• Since inception, Cross International has received $1.3 billion in general contributions, $1.2 billion of which were non-cash / in-kind donations (reported as being primarily medical supplies).
    • Cross International was the 39th largest nonprofit in the US in 2022 (according to Forbes).
  • Kanakuk Institute 
    • Separate entity under the Kanakuk “family of ministries” umbrella. Kanakuk Institute students fundraise and embark on mission trips (including this example mentioning Trinidad and Israel as possible destinations).
  • K-LIFE
    • Separate entities under the Kanakuk “family of ministries” umbrella. More than 20 K-LIFE chapters operate throughout the United States and many host and support mission trips, such as this example of a 2022 trip to Costa Rica from the Dallas, TX-based HP KLIFE chapter.

Kanakuk International Entity Evolution

While Kanakuk Ministries and Kanakuk activities have featured an international programming component for decades, there are several entity structure changes that affect international activities, nomenclature, and relevant overlaps.

  • In 1991, Joe White founded Kanakuk Haiti.
  • In 1998, Kanakuk Ministries was established in Missouri as a nonprofit (former name: Christian Children’s Charity).
  • In 2001, Joe White co-founded Cross International with Jim Cavnar (partnership began with Kanakuk’s work in Haiti).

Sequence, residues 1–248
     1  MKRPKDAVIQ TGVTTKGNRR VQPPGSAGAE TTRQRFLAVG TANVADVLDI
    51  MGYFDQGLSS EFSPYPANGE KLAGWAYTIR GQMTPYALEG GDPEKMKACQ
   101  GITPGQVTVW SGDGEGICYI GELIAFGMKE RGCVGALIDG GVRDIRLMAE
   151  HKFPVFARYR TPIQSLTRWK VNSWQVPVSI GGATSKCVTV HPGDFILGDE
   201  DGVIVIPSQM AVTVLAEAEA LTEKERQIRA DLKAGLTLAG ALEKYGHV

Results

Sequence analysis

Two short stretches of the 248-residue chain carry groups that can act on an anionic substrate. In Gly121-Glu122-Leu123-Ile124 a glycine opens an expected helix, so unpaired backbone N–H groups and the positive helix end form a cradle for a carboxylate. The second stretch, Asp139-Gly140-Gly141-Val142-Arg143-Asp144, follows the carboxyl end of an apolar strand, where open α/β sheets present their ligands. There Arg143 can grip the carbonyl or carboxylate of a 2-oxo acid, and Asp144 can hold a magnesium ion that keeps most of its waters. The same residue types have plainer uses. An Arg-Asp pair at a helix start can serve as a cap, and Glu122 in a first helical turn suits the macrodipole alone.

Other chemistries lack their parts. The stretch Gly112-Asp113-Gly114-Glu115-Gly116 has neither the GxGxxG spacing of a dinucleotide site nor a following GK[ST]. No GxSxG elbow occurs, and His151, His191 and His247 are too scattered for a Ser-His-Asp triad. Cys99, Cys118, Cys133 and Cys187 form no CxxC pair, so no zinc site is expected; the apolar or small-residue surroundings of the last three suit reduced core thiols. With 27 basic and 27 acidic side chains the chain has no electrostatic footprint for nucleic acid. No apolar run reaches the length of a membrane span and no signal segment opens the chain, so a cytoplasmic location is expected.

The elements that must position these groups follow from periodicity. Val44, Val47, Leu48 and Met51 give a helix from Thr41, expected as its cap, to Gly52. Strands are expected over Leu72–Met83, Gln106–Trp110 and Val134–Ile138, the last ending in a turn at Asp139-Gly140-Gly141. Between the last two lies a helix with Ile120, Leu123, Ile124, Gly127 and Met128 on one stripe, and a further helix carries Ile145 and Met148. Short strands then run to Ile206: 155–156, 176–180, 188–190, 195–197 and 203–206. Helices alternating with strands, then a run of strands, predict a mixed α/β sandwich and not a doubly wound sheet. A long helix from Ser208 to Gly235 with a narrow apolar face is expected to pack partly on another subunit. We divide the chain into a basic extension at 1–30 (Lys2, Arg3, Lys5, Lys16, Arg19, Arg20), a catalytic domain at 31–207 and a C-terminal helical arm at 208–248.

• In 2003, Christian Children’s Charity was renamed “Kanakuk Ministries,” and camp operations first appeared in Kanakuk Ministries’ publicly available IRS 990 forms (including reference to the building of Kanakuk’s family camp, K-Kauai, which has also housed the Kanakuk Institute and as well as international leadership trainings in coordination with Global Outreach Group). The bulk of prior years’ expenses were directed towards work in Haiti.
  • In 2004, Kanakuk Ministries began to refer to “Kanakuk International” in 990s, encompassing work in Haiti.
  • In 2005, (effective January 1, 2006), two existing, for-profit Kanakuk entities in TX & MO merged, with the MO entity (Kanakuk Missouri Inc) surviving and being renamed as Kanakuk Kamps, Inc.
  • In 2008 (effective January 1, 2009) – the same year as Pete Newman’s confession to child sexual abuse and subsequent arrest), Kanakuk Kamps, Inc. was absorbed by Kanakuk Heritage, Inc.
  • Significant financial, real estate, entity restructuring, and other transactions have been reported in 990s and other state documentation in Missouri and Texas, between the various Kanakuk affiliated for-profit and non-profit entities, several of which occurred in 2008 (including over $8 million exchanged between Kanakuk Ministries and Joe-White-owned or White-family-owned entities).
  • Kids Across Africa Foundation was incorporated separately in Arkansas in 2008 (a Missouri entity was established previously in 2007), that ceased to operate in 2011, due to failure to file a correct and current annual report.
  • Kanakuk Ministries (DBA “K-Colorado”) – managed by Joe White’s daughter Jamie Jo and ex-son-in-law, Andy Braner –  donated its facilities in 2009 to Ahava Ministries (DBA “Camp KIVU,” referred to as “KIVU Gap Year,” also led by the Braners) and began to focus more exclusively on international “global relief operations” work, beginning the Gap Year program in 2011 and ceasing camp operations altogether in 2015.
  • In 2015, Kanakuk Ministries was granted church status by the IRS. As a “church,” Kanakuk is no longer required to file public 990 forms and there is less obligation related to financial transparency overall.